Pregnancy-Associated Breast Cancer

Kathleen Logue, RNC-OB, BSN


Clin J Oncol Nurs. 2009;13(1):25-27. 

In This Article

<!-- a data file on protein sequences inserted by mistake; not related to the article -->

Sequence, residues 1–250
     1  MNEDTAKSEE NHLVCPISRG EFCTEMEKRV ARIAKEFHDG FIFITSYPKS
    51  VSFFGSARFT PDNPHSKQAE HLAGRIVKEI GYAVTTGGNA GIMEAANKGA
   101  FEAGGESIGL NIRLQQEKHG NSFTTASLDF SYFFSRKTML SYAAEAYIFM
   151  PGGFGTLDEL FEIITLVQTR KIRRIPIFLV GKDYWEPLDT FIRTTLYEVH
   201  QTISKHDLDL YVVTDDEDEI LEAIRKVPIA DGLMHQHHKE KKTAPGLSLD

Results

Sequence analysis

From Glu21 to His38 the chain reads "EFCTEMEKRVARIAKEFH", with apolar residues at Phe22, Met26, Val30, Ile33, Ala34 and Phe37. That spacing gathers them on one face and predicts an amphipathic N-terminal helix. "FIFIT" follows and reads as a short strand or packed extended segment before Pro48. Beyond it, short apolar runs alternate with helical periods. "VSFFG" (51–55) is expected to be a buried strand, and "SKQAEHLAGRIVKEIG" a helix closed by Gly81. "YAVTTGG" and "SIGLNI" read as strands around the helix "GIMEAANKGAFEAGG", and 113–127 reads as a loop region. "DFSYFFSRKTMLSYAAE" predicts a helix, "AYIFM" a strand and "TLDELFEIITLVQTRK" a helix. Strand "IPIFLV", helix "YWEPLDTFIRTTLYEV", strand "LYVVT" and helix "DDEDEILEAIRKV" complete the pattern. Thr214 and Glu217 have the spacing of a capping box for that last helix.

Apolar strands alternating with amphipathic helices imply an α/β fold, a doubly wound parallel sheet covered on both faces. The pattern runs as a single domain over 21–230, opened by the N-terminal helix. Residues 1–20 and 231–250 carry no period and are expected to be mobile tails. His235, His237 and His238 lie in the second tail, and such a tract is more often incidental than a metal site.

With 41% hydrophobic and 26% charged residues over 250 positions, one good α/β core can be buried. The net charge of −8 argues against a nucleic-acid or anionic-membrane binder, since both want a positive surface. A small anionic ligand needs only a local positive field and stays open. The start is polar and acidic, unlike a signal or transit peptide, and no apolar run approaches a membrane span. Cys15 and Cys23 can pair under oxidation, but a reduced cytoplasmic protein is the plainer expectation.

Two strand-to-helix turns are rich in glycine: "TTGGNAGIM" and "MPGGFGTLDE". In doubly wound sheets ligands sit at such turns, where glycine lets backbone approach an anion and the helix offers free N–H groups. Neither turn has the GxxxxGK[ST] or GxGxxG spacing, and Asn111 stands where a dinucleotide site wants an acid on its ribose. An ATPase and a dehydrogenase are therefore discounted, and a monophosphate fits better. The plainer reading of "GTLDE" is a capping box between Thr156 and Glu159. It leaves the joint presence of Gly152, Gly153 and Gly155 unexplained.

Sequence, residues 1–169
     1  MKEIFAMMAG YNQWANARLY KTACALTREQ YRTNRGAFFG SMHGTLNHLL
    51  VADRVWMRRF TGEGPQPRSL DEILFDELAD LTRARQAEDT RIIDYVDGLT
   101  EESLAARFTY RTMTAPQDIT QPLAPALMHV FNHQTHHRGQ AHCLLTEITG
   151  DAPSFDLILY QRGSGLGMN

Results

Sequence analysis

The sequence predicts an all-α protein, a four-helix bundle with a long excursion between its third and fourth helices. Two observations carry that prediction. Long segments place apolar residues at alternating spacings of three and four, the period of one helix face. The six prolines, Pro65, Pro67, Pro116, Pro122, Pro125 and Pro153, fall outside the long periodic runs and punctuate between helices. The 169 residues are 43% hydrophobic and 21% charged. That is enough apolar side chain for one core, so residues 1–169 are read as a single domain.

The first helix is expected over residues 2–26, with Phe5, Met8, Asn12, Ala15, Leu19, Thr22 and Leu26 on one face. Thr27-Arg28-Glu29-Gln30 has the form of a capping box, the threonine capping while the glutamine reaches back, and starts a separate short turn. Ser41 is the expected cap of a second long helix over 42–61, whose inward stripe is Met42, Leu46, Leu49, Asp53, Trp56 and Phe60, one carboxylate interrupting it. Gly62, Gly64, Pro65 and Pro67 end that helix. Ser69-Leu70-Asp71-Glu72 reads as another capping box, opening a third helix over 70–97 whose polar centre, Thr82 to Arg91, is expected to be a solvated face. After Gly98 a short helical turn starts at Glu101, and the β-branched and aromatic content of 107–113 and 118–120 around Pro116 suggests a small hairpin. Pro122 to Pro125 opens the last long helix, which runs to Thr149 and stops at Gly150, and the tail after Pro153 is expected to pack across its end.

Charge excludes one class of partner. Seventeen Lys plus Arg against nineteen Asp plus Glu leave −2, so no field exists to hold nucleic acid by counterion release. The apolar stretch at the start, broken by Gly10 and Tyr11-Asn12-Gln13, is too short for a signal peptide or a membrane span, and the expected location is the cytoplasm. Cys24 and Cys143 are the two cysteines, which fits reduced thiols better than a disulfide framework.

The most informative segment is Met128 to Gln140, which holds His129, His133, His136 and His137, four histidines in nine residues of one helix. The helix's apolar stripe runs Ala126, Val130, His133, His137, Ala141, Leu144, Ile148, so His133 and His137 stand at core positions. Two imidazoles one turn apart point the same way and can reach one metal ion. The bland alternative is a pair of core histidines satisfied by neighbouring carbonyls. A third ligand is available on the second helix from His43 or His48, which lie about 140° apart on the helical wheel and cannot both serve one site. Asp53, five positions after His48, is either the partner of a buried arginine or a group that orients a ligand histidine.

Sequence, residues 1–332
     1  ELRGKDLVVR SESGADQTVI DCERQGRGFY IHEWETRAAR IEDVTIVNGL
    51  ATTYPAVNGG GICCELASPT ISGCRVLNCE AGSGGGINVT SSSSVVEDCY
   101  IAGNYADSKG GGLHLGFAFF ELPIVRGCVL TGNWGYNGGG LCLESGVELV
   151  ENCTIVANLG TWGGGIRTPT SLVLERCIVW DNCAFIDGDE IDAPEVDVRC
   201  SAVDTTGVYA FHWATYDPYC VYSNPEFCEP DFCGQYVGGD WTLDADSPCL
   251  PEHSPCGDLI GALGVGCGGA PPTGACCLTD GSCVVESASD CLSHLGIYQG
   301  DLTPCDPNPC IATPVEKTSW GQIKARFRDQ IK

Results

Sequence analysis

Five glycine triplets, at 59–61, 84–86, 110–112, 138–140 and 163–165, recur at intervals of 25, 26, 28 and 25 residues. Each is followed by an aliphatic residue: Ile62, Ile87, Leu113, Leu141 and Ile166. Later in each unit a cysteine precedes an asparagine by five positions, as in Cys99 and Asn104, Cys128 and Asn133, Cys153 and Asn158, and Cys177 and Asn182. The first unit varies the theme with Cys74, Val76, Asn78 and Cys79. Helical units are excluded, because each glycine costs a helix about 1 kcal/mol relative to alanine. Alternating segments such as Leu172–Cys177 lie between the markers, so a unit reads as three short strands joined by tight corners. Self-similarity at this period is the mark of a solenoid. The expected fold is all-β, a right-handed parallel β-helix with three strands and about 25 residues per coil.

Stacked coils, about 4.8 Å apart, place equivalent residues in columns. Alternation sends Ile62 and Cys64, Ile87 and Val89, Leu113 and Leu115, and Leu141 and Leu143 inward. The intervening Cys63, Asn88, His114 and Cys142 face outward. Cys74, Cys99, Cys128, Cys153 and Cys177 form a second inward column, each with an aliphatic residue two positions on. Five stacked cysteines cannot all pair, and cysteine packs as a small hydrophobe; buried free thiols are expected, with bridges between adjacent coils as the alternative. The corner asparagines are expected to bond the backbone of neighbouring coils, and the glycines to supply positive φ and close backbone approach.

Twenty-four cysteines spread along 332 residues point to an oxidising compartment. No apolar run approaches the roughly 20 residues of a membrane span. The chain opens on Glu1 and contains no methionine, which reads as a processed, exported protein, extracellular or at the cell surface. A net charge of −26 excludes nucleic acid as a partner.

Prognosis for PABC is unclear. Studies conducted at Memorial Sloan-Kettering in New York, NY, Mount Sinai School of Medicine in New York, and the Auckland Breast Cancer Study group in New Zealand have shown that stage-matched control groups of pregnant women to nonpregnant women had similar survival rates, but pregnant women often are diagnosed at later stages (Keleher et al., 2002). Larger studies in France and California found that pregnancy had a negative influence on outcomes, regardless of stage at diagnosis (MacReady, 2007). Researchers in both studies believed that circulating hormones in pregnancy and higher rates of the BRCA1 and BRCA2 genetic mutations in younger patients caused significantly poorer outcomes (Keleher et al.). The French study also found that conventional chemotherapy was less effective in patients with PABC, possibly because of tumor biology; additional studies are needed to verify the relationship (Keleher et al.).


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